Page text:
$ister4 is ready to commit to helping her brother (51) who struggles with a methamphetamine addiction. His use appears to be affecting his life more and more, including losing his job. There's been some momentum in the family to get help for him, but there's also denial and resistance.
"Just about 3 years ago today, my family held an intervention for my older brother, 51, who was using meth daily for over a year. He was an elementary teacher at this time. He did 6 weeks of out patient following the intervention. He never admitted going back to use however based off of life situations that came up, it is quite obvious he was using. Eventually he ended up homeless and sleeping in his car. Months of this led him to asking my family to help him and let him live with us. He lived with us for almost 6 months.
In that time frame, he got a job and gained confidence, but did not do any treatment or therapy. He moved back to Denver and got his teaching job back. 6 months of teaching, he then got fired for breaking his contract. He refuses to talk to the family about what happened and even denies he got fired. He has become more and more distant with us. Ignores phone calls and most often texts.
I believe he is still using, but his daughter, 14, says no. She and her mom just act like nothing is wrong, when I believe deep down they also think he is using.
With the holidays coming up, I want to talk to him and address his loss of job and my concerns for his use. I don't feel I can go on with pretending everything is normal and put up a facade. I don't know how to interact with him anymore, but so badly want my brother back.
He says that the family is judgmental and makes assumptions that are wrong. He lives 2 hours away from me.
I am thankful for finding this site and will start the modules and learn about CRAFT.
In the meantime, do I follow my gut that he is using or try to believe in him when he says he would never go back??"
Do I follow my gut or believe his story that he's not using?
You've asked a great question and answering it is simple. "Do I follow my gut that he is using…? YES, you do!
As you will see if you've already plunged into the eLearning modules that CRAFT requires you to act in the moment based on your best guess as to whether your Loved One is using or not using. This is of course more about how to act/respond in the moment. But following your gut is (in my opinion) almost always a great idea.
So, should you believe his story that he's not using right now, while your gut is telling you it's not true and he's suffering and struggling? No, you should trust your gut (the eLearning exercises in Module 3 will help you learn to trust your gut). It's your compass, your inner wisdom. The strength of denial can be astounding, and addiction (and other behaviors people are ashamed to acknowledge) certainly brings out surgical-quality denial. Man, it's powerful stuff. Not to mention that we so want to believe what they're saying, but when your gut pipes up and says, "all signs are pointing to his using," you're most likely right.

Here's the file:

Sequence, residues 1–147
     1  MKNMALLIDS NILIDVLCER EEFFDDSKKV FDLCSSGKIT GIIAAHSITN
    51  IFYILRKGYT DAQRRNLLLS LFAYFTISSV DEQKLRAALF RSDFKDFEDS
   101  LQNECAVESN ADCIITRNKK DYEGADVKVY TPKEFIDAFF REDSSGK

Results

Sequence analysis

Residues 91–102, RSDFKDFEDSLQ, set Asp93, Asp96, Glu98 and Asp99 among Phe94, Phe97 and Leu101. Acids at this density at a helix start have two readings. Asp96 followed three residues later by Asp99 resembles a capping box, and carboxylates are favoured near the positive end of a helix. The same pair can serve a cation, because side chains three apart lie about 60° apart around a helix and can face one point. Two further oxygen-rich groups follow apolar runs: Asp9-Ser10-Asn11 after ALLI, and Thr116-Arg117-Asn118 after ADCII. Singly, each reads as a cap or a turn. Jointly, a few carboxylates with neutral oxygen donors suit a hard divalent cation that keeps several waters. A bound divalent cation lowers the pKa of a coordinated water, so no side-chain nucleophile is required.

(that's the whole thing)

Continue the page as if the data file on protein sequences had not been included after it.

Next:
Your brother has been resistant to your help, but you did help him get into treatment once
You have seen a wide variety of behaviors and reactions from your brother, including vehement denial, defensiveness and accusations that you're judging him when you express concern… but your family also succeeded in getting him into outpatient treatment for 6 weeks.
I see several positives here:
Your family has come together to help him before—they can do it again;
Your brother has been to treatment once, he has begun to internalize some of the teachings and the feeling of being free of the chains of his drug use;
You are determined, you miss your old brother, you don't want to keep pretending, you are ready to take action;
You found Allies in Recovery and are beginning the eLearning program.
I hear you that it's also frustrating that his teenaged daughter and her mother (perhaps she and your brother are separated?) are sticking to the story that there is no problem. Of course, it would be so much better if they were, or could be, on board in recognizing the problem and being motivated to find a solution.
One note here, 14 is an already-complicated age and we do not actively recommend bringing teens into the difficult conversations/psychology of addiction, CRAFT, etc. She of course has her own take on it all and speaking with her at some point is not out of the question but we don't recommend you rely on her for information gathering.
Next steps in figuring out how to join forces and help your brother
You are new to this site. There is a learning curve, and we usually tell people to count on 6-8 weeks or so of practice, bridge-building, watching and re-watching the modules, filling out the Key Observations exercises, until you are ready to talk about treatment (Module 8) and you start seeing some results.
The Learning Center is clearly where you'll need to start (and return to, often) to get CRAFT under your belt.
There's a tag on this blog called CRAFT 101, which might contain some good blog posts to start with.
You'll probably also want to look at the Family Members Doing CRAFT tag, to help you figure out how to support your family joining forces in this quest.
As you go deeper into the program, and start planning your strategy, please don't hesitate to check back in and/or ask for more specific guidance. Membership is still free, for another month or so, so this is a great time to have your family get their own accounts and get up to speed alongside you.
All our best!